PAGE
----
After school faculty meetings always made me laugh. Stickler teachers who demanded their students face forward and raise their hands before speaking were the very ones who, during a faculty meeting, would focus their attention on their nearest neighbor rather than the speaker. Some of us sporting death wishes mentioned the obvious discipline discrepancy to these dear teachers. However, most of us were content to just make humorous comments in our own heads.
It’s become more and more obvious over the years that none of us ever really grow up. We all, in some ways, are just fun-loving kids who’ve gotten taller. Like a bunch of kids in a classroom, our favorite question still remains, “But why?”
Sometimes, those whys are petty and self-centered ones, like:
- Why should my co-workers get paid more than me?
- Why can’t I have that husband, wife, car, or house?
- Why won’t my kids do what I say?
Sometimes, whys become philosophical:
- Why do bad things happen to good people?
- Why do loved ones get dreadful diseases?
- Why must we always have starving children somewhere in the world?
Then, at other times, our whys are directly aimed at God:
- Why don’t You hear me when I call?
- Why must Your children suffer?
- Why was I born with this ailment, addiction, temperament, or tendency?
Reading the Bible over and over allows us to start connecting all the dots between the Old Testament and the New; Paul’s writings from this city to that; Jesus’ life through the eyes of four different men; and the bobbing and weaving of the Holy Spirit throughout the entire book. That’s what I love most about the Bible! No matter how many times I read it, I stay amazed at the wild, interwoven things I uncover.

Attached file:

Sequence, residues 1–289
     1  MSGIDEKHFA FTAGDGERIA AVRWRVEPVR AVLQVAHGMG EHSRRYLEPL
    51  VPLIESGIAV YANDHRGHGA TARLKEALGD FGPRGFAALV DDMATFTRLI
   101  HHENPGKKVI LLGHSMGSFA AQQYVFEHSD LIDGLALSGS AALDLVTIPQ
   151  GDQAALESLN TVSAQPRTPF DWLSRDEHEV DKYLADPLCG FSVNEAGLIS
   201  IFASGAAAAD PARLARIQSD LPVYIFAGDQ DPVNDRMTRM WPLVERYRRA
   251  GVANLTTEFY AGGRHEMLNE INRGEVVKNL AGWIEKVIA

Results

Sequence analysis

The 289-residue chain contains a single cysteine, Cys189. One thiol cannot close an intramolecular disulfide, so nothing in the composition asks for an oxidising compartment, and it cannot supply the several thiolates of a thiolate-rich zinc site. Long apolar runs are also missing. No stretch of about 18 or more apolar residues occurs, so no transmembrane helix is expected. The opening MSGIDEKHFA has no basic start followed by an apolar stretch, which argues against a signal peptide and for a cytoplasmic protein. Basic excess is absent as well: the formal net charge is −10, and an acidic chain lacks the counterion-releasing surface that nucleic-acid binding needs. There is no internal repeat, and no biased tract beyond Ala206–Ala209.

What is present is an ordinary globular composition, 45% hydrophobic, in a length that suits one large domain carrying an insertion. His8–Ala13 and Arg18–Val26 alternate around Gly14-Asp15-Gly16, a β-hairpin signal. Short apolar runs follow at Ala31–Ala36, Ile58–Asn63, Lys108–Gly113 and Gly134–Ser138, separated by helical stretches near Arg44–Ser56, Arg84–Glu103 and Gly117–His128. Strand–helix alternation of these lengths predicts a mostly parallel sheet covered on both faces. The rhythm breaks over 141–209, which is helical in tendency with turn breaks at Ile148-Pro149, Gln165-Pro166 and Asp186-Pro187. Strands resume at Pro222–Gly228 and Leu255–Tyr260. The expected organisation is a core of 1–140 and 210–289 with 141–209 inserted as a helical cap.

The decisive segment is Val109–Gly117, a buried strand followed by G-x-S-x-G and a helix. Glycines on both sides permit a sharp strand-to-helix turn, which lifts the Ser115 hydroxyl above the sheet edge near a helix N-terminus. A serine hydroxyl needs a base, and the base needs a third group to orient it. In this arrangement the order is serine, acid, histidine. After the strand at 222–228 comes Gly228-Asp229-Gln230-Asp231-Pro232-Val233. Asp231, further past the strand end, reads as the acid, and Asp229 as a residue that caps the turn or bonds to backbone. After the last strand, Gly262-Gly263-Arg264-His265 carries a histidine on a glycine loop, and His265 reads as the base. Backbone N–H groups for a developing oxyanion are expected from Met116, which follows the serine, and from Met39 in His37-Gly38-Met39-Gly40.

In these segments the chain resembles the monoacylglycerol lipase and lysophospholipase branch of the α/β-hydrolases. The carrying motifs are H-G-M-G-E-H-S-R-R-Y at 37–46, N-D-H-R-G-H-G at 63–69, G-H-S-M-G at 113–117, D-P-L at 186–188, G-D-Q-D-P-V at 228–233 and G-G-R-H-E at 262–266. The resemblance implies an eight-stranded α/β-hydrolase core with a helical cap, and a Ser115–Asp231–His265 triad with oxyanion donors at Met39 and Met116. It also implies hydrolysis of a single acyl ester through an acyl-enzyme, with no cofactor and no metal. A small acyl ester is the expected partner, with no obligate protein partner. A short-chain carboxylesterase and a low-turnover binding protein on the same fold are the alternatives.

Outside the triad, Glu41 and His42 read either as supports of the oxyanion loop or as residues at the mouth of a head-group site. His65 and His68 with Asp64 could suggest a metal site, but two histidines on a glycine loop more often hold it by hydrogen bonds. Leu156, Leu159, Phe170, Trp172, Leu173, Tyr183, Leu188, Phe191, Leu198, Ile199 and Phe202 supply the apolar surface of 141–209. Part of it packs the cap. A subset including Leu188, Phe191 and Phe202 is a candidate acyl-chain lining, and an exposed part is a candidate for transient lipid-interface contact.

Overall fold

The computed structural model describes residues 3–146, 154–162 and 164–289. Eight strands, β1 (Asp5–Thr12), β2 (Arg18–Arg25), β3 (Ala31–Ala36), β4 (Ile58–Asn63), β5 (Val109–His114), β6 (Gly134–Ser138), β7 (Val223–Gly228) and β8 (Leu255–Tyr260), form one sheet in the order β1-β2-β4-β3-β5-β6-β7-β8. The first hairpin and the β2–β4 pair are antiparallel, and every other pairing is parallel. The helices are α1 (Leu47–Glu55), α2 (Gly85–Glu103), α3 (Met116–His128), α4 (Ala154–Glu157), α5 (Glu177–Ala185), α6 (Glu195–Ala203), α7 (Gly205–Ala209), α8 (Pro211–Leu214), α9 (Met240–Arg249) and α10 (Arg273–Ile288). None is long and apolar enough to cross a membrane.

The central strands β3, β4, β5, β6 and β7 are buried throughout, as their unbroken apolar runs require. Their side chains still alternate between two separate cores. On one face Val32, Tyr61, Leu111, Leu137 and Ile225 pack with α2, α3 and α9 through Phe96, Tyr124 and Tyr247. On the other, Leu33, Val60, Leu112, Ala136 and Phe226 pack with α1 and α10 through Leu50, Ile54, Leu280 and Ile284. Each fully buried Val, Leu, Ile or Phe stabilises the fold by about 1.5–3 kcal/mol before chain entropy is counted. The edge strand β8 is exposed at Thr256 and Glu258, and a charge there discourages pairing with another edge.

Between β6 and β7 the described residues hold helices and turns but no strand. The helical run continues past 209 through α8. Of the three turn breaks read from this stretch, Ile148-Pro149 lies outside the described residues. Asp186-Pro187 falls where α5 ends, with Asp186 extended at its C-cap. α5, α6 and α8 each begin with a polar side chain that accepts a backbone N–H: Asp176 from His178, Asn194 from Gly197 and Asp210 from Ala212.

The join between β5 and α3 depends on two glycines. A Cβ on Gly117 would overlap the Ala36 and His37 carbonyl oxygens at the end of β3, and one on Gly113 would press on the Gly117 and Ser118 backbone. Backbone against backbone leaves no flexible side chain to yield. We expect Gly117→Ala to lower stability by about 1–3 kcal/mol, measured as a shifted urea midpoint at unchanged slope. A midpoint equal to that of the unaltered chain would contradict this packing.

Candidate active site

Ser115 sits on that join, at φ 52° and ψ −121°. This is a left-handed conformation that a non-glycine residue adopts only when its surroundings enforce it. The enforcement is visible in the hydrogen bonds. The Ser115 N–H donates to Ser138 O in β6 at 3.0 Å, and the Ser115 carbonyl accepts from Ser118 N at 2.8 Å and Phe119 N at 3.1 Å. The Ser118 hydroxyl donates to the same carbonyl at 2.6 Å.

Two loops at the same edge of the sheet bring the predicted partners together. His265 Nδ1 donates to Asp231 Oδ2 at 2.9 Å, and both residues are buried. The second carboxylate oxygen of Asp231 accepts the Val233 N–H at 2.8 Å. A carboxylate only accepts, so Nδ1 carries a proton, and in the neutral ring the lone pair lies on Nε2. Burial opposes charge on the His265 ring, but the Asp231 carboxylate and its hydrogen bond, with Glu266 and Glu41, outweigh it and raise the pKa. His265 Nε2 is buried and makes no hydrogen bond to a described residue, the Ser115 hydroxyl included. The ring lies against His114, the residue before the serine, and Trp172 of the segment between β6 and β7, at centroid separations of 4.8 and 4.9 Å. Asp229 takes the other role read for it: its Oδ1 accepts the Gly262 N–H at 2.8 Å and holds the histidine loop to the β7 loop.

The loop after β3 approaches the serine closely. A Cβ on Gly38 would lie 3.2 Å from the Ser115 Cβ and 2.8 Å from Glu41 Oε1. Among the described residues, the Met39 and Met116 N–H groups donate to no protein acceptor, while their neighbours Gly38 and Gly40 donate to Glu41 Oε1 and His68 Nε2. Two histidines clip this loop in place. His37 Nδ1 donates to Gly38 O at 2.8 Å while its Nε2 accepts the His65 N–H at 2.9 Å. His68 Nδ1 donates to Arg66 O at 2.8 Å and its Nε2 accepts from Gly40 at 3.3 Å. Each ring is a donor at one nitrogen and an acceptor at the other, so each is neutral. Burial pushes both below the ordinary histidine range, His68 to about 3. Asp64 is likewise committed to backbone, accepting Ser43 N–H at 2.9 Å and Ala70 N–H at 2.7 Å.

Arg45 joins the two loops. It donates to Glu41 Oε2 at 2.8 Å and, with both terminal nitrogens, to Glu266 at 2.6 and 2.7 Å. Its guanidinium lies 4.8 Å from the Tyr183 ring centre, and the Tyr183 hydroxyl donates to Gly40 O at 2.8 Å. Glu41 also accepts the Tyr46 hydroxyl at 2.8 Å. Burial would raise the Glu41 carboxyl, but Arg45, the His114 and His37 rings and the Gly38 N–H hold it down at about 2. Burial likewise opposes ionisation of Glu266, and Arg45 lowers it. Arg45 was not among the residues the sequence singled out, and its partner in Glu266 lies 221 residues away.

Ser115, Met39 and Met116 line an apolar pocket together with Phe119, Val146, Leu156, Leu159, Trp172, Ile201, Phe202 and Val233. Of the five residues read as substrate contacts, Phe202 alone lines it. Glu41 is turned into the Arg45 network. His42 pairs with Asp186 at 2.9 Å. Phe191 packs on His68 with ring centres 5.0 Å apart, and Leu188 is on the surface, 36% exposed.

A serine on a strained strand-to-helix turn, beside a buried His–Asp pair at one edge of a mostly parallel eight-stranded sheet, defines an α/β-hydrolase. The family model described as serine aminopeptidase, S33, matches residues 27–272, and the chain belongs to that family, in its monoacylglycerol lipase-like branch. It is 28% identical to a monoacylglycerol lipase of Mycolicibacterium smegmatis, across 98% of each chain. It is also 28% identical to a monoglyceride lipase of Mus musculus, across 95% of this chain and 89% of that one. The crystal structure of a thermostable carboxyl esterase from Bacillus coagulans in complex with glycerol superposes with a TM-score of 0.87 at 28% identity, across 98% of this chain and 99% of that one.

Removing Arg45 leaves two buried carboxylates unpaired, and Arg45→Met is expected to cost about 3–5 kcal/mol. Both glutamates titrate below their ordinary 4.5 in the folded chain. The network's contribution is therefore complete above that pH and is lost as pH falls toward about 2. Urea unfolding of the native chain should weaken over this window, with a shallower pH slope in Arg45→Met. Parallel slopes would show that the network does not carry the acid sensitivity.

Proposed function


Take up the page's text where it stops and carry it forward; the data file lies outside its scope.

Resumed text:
This week, the One Year Bible reading has been in Psalms and 2 Corinthians. As I read those familiar passages, I realized there were two words that answer all our whys. See if you can find them them here in 2 Corinthians 12:9. “My grace is sufficient for you, for my power is made perfect in weakness. Therefore I will boast all the more gladly about my weaknesses, so that Christ’s power may rest on me.”
SO THAT! That’s why! After I thought about the power behind those two words for a few minutes I read Psalm 30, written by David for the dedication of the temple (palace): “You turned my wailing into dancing; you removed my sackcloth and clothed me with joy, SO THAT my heart may sing your praises and not be silent.”
I noticed I had penciled there in the margin on a previous trip through Psalm 56:13. So I turned there. “For you have delivered me from death and kept my feet from stumbling, SO THAT I may walk before God in the light of life.”
All that talk about light reminded me of 1 Peter 2:9 (one of my favorites): “You are a chosen people, a royal priesthood, a holy nation, God’s special possession, SO THAT you may declare the praises of him who called you out of darkness into his wonderful light.”
The domino effect continued. Reading those words made me remember the blind man in John 9. Do you remember what Jesus said? When his disciples asked him whether he or his parents’ sin caused the man’s blindness, Jesus answered, “Neither this man nor his parents sinned, but this happened SO THAT the works of God might be displayed in him.”
God allows what Satan meant for our harm to fine-tune us SO THAT the power of God can be displayed through our lives. The availability of that kind of power seems like foolishness to those who don’t believe. Those of us who possess that unexplainable power find what the world needs more of – courage! “He is the one we proclaim, admonishing and teaching everyone with all wisdom, SO THAT we may present everyone fully mature in Christ. To this end I strenuously contend with all the energy Christ so powerfully works in me.” (Colossians 1:28-29)
Connecting all the why dots in Scripture provides answers. We’ve been saved, we’ve been set free, and we are loved SO THAT, we can show others what the power of God can do. When we hurt, He comforts us. When we feel alone, He is there. When we doubt, He reassures us. Trusting Him with all our whys allows us to forever be God’s fun-loving children who’ve learned to ask “Why not?”